• Turtles will eat a wide variety of foods, giving you many healthy and exciting treat options.

    Turtles, more than other pets, are sensitive to monotonous diets. They crave variety. If you continually feed your turtle the same bland food day after day, they will lose interest in feeding time. Unfortunately, turtles are rare enough pets that most pet food suppliers will carry only a small number of your normal daily, inexpensive, nutritional turtle food. This food should make up the majority of your pet’s diet. You can then supplement that base of food with a wide selection of nutritious turtle treats in order to give your turtle the heterogeneous regime they require.

    Different Kinds of Turtle Treats

    Almost all turtle species that will be kept as pets will be omnivores. This means that they eat both plants and animals. On top of being omnivorous, turtles enjoy eating all different sorts of food. This gives you plenty of choice when selecting treats. Here are some common nutritious turtle treats to choose from:

    • Freeze Dried Insects. Turtles love insects, especially crickets. They are packed with important vitamins and proteins. You can buy them in bulk fairly cheaply at your local pet mega store.
    • Dried Shrimp. Shrimp contain important fats that your turtle oftentimes misses with normal pet food. They also provide a different texture for your turtle. Shrimp are a common food for aquatic pets, but make sure you buy the right type for your turtle. The tiny dried shrimp available to be fed to fish will often not work for most turtle species. The shrimp that turtles eat are often larger, and can be broken in half for smaller animals.
    • Fruits and Vegetables. Cut up pieces of apple, lettuce, blueberries, corn or any number of other produce can make great treats for your turtle. Make sure the pieces are small enough to be bite sized, and remove any and all seeds.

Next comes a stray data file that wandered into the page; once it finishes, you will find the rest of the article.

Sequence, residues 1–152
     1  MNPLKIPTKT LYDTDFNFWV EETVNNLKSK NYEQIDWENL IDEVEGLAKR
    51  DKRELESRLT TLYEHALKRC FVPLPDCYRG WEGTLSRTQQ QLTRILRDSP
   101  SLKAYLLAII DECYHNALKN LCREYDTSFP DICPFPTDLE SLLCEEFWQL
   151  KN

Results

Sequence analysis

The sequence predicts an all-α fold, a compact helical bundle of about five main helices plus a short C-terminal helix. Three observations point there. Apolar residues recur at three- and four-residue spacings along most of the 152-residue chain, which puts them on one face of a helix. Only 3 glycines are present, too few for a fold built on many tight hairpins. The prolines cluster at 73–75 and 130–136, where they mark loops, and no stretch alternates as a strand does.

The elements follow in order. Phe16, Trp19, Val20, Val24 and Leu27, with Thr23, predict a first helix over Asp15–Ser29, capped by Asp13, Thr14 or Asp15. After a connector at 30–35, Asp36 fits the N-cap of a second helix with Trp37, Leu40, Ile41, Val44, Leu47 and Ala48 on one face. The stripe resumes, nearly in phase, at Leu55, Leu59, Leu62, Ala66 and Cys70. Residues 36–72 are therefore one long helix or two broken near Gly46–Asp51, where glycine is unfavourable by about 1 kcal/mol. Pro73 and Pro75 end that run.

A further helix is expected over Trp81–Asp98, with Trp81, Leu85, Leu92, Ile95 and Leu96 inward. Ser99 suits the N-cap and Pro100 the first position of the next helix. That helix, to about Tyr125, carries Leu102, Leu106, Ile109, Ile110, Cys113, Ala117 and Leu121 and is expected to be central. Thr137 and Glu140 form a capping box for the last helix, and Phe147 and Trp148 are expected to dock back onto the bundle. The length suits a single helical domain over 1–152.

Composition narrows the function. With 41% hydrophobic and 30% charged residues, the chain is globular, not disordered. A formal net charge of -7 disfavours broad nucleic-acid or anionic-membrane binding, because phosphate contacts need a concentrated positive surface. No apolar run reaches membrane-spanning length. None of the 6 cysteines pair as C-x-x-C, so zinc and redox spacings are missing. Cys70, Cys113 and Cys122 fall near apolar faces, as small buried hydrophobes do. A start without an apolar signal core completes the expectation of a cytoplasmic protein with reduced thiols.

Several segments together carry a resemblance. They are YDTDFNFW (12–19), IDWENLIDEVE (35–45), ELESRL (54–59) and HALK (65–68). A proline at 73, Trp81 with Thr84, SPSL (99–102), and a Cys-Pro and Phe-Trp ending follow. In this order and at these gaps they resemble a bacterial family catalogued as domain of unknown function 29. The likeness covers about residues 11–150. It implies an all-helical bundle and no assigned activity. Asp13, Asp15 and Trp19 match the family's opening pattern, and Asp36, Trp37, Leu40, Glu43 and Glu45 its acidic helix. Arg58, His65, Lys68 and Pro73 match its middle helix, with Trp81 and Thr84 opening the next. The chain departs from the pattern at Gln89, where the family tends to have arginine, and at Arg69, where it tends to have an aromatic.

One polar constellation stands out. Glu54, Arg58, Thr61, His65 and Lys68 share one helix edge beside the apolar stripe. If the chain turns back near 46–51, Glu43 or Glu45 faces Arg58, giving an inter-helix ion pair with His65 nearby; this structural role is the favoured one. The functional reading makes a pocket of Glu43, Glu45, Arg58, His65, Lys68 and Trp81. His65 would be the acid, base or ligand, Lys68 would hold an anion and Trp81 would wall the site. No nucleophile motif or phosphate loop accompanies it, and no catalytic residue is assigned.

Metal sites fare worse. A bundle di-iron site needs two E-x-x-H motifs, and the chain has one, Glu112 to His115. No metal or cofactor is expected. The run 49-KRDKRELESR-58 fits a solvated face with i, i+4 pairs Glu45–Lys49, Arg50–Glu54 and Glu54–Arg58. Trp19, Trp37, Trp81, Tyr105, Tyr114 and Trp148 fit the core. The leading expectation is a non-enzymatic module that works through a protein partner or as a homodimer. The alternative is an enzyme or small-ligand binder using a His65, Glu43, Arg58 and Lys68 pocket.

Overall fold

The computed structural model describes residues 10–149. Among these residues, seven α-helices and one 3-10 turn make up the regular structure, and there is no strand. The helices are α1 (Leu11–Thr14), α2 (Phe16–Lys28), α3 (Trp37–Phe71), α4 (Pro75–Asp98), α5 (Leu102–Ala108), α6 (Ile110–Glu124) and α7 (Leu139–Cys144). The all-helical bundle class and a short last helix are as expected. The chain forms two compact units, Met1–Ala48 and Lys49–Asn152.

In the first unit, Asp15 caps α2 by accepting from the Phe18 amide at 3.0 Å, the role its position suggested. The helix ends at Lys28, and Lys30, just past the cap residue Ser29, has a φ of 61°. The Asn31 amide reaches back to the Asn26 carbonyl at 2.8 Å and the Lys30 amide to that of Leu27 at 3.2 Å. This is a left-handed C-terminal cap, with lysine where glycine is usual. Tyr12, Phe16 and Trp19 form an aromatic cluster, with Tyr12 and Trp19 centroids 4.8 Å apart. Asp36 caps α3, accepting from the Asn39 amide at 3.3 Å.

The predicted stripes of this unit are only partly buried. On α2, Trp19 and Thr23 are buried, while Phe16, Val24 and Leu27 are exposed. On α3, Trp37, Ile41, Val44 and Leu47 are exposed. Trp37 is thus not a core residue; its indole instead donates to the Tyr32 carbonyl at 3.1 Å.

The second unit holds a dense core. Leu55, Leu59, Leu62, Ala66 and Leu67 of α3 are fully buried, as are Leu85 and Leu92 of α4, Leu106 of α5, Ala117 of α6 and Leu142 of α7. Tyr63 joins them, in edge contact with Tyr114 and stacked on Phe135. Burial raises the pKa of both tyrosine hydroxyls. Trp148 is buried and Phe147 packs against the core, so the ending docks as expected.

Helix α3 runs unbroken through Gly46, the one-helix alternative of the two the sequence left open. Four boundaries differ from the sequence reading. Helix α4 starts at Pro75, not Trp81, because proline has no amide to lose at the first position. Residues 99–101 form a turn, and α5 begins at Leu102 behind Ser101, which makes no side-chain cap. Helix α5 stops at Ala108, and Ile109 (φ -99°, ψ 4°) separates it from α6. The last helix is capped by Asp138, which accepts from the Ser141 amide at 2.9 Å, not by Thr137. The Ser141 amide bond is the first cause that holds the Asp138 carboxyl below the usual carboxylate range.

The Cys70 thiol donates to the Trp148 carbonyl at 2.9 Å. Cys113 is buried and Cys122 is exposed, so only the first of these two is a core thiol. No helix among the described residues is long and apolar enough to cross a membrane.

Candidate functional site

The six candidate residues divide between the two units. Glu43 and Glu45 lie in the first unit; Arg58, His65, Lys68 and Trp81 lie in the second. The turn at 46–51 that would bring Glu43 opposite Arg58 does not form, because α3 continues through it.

• Little bits of meat. Your turtle can eat little bits of cooked ground beef, chicken, or pork from the table. They will enjoy using their teeth to tear apart larger pieces of meat.
    • Live Food. Turtles are natural hunters. They enjoy chasing down their food. You should provide them this stimulation about once a week by buying live food, usually in the form of feeder fish or insects. Be sure to buy your feeder fish from a reputable source, or else you risk introducing disease to your terrarium.

    With such a wide variety of treats available, be sure to mix it up as much as possible. Don’t treat your turtle the same way two days in a row. They will appreciate the effort you put into feeding them.

    Treats to Avoid

    Being amphibians, turtles have a very different digestive system from humans and most other pets. While it is tempting to feed your turtle whatever table scrap is left over, some foods must be avoided. Here are some treats to steer clear of:

    • Dairy. Turtles possess none of the enzymes necessary to break down and digest dairy products. Any treat with even a little milk or cheese in it will cause severe indigestion. Avoid it at all costs.
    • Sweets. Do not feed any food with chocolate, processed sugar, or corn syrup to your turtle.
    • Salty foods. Most turtles are not used to eating highly salty foods. They will be ok with a little bit of salt, but avoid anything overly seasoned.
    Treats for Feeding Baby Turtles

    Baby turtles can be very different creatures from adult turtles. They require different amounts of sunlight, different types of habitats, and they have very different dietary needs from adult turtles. They are notorious for being picky eaters. Baby turtles tend to be much more carnivorous than adult turtles. Pet stores will sell youth-specific turtle food, which you should buy and use. You should use fewer treats when feeding baby turtles, and consider sticking to the baby turtle food when they are still very young.

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    Watch your fingers when feeding treats to your turtle. Chopsticks are useful if they tend to bite.